The Centers for Disease Control and Prevention have raised its traveler alert level for monkeypox this week, encouraging precautions such as avoiding touching or eating wild animals, sharing food or drink with those who might be infected or who have a rash and washing and sanitizing hands often for those who travel to Europe, North America or Australia.
The new alert level comes as monkeypox continues to pop up with confirmed cases across thirty-two countries, mostly among people who have not recently traveled to central or western Africa, where monkeypox cases typically originate in countries including Nigeria and the Democratic Republic of the Congo.
According to the CDC, as of June 6 there have been 31 recorded cases of monkeypox in the United States since it began spreading around the world earlier this year.
The CDC also recommends that travelers should seek help from a medical facility and self-isolate if they develop an unexplained rash or lesions on any part of the body, especially if they’ve been traveling in Europe, North America or Australia within the past month, and/or is a man who has had any intimate contact with another man within the same period, though the CDC warns that travelers of any sexuality should practice increased caution during travel.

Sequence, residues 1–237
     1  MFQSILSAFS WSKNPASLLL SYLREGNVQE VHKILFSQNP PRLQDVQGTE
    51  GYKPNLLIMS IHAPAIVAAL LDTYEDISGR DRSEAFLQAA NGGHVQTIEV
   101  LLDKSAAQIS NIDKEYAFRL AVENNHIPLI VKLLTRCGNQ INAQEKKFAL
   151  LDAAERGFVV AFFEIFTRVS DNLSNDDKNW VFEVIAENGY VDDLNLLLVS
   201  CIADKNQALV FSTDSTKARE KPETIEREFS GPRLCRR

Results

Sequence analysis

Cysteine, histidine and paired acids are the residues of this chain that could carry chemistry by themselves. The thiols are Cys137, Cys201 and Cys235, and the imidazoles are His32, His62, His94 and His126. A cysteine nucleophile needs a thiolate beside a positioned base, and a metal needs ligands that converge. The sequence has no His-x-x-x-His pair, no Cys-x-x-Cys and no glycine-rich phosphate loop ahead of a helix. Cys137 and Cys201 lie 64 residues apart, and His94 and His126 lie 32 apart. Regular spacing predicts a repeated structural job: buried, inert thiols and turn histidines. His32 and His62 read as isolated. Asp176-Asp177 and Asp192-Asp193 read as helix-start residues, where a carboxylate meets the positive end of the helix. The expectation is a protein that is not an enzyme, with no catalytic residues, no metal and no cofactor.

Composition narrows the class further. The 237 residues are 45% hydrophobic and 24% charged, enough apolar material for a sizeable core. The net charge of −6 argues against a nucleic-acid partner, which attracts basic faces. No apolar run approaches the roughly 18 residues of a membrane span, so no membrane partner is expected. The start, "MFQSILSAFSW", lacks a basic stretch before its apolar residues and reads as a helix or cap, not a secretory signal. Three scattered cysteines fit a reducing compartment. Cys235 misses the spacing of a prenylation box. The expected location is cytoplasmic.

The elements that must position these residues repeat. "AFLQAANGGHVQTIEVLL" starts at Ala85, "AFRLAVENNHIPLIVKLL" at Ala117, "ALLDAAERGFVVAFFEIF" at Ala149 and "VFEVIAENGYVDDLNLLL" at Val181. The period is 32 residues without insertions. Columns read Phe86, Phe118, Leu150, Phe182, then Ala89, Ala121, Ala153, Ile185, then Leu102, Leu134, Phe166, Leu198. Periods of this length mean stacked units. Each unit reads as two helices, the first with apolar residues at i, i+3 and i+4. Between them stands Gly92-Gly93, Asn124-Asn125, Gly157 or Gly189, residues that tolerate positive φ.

If a traveler develops a rash or monkeypox-like symptoms during a trip, they are encouraged to seek medical attention wherever they are.
Earlier in May, countries that have identified the presence of monkeypox in their borders have begun implementing quarantine measures for monkeypox patients; the United Kingdom and Belgium both now require monkeypox patients to self-isolate for 21 days.
From May 23 to June 7, the number of countries that have identified positive cases of monkeypox have risen dramatically. On May 23, there were 12 countries that had reported cases; today, the CDC reports 32 countries.
The CDC does also state that “risk to the general public is low,” despite the new recommended precautions.
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